• I added a joystick (ATARI switch type one) connected to the keyboard arrows and SPACE. This joystick was attached via a round pinned connector.
  • The CPU memory interface used maybe 3 D-type flip-flops to accomplish a 3 clock-cycle delay when reading or writing memory. I had already started using faster RAM chips (250 nS then 150 nS) and so these long delays were no longer required and I removed one wait state from the memory timing.
  • I changed my 80 Kbytes RAM to 256 Kbytes RAM using a very fast (13 ns?) cache ram chip on every memory lookup. It worked like this:
    • The chip was used to translate all memory accesses within the 48 Kbyte RAM address space. It didn't touch ROM or video memory or memory-mapped peripheral areas (such as the disk controller).
    • The chip mapped pages in 1 Kbyte chunks, so the 6 address inputs on the chip were connected to address lines A10 through A16. The 8 data outputs from the chip were connected to 8 x 256 Kbit RAM chips, becoming A10 through A18.
    • The chip was port-addressable so I could program it by writing bytes to I/O port 0x10. To do this I actually used an "undocumented" feature of the Z80, where an "OUT (C), A" instruction would actually place the contents of the register B on the top 8 bits of the address bus (allowing in effect, a 16-bit port address space). My chip programming involved mapping from a logical address (on the address lines) to a physical RAM address (on the data lines).
    • On power-up the system was able to load the first sector from the disk without using more than 1 Kbyte of memory, so that part worked even when the address translation chip was unprogrammed. I wrote a new boot sector which did an initial mapping of the address space and then loaded a new boot sector from sector one of the disk (which was, by default, a copy of sector zero anyway). Thus I achieved compatibility with the original system.
    • The boot sector mapping was tricky. It would map a known physical page into a known virtual page, then copy all the code to that known page. If the unknown physical page which was used to load the boot sector was the same as the known physical page, the code would be unaffected because it would be moved to the same memory area. After the move, the new code segment was executed, which would map all the rest of the pages.
  • I added a true real-time clock circuit using the MSM-5832RS clock chip and 2 AA NiCad batteries for power-off retention. This clock worked well, once the programming foibles of the chip were understood.
  • I added circuitry to the video memory to add wait states to video reads and writes until a horizontal or vertical retrace period occurred. This had the effect of virtually eliminating noise on the screen during video I/O. The original circuitry would just write at any time, and so the more I/O was done, the more white or black streaks would run through the display. It's possible I also added code to allow the CPU to detect when the retrace was in effect and optionally delay its writes (as opposed to hard-wiring the delays). I don't have the hardware anymore to go check the circuit, so just guessing here.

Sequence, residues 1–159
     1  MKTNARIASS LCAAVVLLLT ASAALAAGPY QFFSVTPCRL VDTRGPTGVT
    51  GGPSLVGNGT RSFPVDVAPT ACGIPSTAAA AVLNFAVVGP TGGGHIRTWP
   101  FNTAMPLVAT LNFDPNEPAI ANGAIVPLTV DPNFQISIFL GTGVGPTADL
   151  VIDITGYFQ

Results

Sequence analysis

• I replaced one or more 5 Volt regulators inside the CPU unit with more powerful versions (or maybe added heatsinks).
  • I unsoldered quite a few chips from the main board and soldered sockets in their place. This was good for when I killed a chip (which happened occasionally) but the danger was in destroying the delicate pads on the PCB. I ended up with a few short wire jumpers to replace broken pads.
  • I have pictures of most of these works, taken on 2001-04-13. I just have to find the time to retrieve the pics and make thumbnails and commentary.

This package contains some code I wrote which was specific to my modified hardware.

This would set the CPU to high speed or normal speed.
This program would set one of the two 32K memory chunks, when my computer had 80 Kbytes RAM. The chunks were useful primarily for storing the DOS files in memory, so that DOS would not need to reload parts of itself from disk for such simple operations as opening a file.
The two programs in this directory manipulate the paged memory system.
These programs set and query the hardware realtime clock.
This program caches DOS system files in memory (as many as needed) and hooks into DOS so that requests are filled by copying memory rather than reading the modules from disk. I seem to recall that the original idea was somebody else's program and my program developed on that, to load more modules, and of course to use my unique paged memory subsystem to enable all the modules to be cached at once.